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A Look Inside Cardano’s Big Blockchain Plans for Africa

4 mins
Updated by Leila Stein
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In Brief

  • Cardano and Ethiopian government announce partnership, implementing blockchain for education.
  • The project aims to provide a digital identity for over 5 million students in the country.
  • Cardano's blockchain may be used for a variety of projects across the continent.
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Countries in Africa have always been early adopters when it comes to financial technology. Emerging tech has been at the forefront of major solutions across the continent. Most recently, IOHK announced its major projects as part of what it says is the biggest blockchain deal in history. 

Solving problems with emerging tech

Despite the common idea that Africa is lagging in technological innovation, the continent is home to many forward-thinking start-ups and tech solutions. 

For example, in Kenya, M-Pesa has been revolutionizing cellphone banking since the 1990s. This product has made it easier to send money and reach the unbanked. Meanwhile, South Africa has grown to become the fintech hub of the region. Its cities like Cape Town are fertile ground for new start-ups to build from.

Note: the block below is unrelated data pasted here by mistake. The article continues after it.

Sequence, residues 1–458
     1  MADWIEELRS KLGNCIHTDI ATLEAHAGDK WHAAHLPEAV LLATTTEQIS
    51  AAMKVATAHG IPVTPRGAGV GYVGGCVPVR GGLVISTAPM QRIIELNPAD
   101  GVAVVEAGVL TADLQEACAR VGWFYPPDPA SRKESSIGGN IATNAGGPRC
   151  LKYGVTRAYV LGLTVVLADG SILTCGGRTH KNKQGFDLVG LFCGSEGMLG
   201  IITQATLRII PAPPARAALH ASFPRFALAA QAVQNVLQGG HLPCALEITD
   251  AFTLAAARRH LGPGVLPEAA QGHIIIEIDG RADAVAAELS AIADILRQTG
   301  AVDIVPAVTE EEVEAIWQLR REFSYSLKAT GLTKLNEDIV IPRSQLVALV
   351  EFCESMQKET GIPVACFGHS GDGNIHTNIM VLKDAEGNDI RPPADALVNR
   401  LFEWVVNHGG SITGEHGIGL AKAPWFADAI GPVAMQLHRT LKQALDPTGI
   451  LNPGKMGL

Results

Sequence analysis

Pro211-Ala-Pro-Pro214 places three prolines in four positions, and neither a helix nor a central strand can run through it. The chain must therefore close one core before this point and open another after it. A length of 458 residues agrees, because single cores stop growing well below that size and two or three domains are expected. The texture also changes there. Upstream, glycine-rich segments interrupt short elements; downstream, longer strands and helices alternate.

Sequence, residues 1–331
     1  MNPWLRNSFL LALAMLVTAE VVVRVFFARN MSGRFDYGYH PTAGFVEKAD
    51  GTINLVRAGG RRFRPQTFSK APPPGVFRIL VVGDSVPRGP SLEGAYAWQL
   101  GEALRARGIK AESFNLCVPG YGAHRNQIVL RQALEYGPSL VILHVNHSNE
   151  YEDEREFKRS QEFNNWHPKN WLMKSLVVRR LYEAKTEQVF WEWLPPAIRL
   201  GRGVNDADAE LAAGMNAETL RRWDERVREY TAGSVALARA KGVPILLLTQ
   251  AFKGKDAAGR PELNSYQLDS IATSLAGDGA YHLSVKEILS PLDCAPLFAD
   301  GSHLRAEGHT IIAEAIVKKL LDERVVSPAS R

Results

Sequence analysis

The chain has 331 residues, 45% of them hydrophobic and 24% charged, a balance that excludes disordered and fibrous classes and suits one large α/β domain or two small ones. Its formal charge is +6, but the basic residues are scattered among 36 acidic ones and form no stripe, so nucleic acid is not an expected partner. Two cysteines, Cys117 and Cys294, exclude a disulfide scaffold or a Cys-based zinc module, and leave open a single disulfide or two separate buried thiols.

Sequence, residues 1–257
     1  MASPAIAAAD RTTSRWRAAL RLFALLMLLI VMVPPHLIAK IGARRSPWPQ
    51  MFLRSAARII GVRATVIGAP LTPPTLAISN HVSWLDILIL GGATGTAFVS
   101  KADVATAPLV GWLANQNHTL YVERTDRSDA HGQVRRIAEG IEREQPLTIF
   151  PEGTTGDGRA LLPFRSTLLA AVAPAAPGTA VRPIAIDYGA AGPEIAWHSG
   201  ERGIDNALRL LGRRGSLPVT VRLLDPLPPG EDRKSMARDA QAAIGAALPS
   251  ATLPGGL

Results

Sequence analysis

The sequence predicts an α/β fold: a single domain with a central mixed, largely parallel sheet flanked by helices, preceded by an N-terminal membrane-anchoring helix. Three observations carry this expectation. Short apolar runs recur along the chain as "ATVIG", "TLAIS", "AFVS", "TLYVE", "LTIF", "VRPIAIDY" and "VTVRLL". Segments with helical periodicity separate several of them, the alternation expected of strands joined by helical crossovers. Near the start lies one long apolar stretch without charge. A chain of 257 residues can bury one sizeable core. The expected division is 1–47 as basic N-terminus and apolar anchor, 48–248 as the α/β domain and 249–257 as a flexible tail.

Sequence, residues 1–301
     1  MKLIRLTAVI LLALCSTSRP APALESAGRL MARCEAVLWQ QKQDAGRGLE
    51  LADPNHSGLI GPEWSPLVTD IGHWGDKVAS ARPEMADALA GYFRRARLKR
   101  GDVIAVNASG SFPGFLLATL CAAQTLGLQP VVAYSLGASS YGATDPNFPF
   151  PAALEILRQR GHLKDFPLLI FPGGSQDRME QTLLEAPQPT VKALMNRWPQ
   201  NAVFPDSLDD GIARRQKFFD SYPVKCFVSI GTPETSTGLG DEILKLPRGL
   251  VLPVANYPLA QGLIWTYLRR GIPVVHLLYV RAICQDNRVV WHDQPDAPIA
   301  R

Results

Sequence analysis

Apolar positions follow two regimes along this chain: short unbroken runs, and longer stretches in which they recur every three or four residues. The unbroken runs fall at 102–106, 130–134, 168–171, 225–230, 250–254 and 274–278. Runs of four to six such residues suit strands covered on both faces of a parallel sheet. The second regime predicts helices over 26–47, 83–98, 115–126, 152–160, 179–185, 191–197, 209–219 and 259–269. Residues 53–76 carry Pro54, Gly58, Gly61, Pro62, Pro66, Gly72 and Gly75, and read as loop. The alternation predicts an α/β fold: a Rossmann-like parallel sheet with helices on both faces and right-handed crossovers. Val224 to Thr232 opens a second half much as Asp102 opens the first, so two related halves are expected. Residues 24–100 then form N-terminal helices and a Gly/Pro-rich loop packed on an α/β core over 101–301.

When it comes to cryptocurrencies, the uptake hasn’t been quite as enthusiastic. However, despite some regulatory setbacks, exchanges like Luno have grown year on year. In February, Nigeria became the second-largest bitcoin market in the world after the United States.

Cardano launches blockchain projects in Africa

When it comes to blockchain technology outside of cryptocurrencies, however, the biggest announcement came recently from IOHK. 

The company plans to implement a variety of projects. It will utilize its blockchain to improve services in countries like Ethiopia and Tanzania.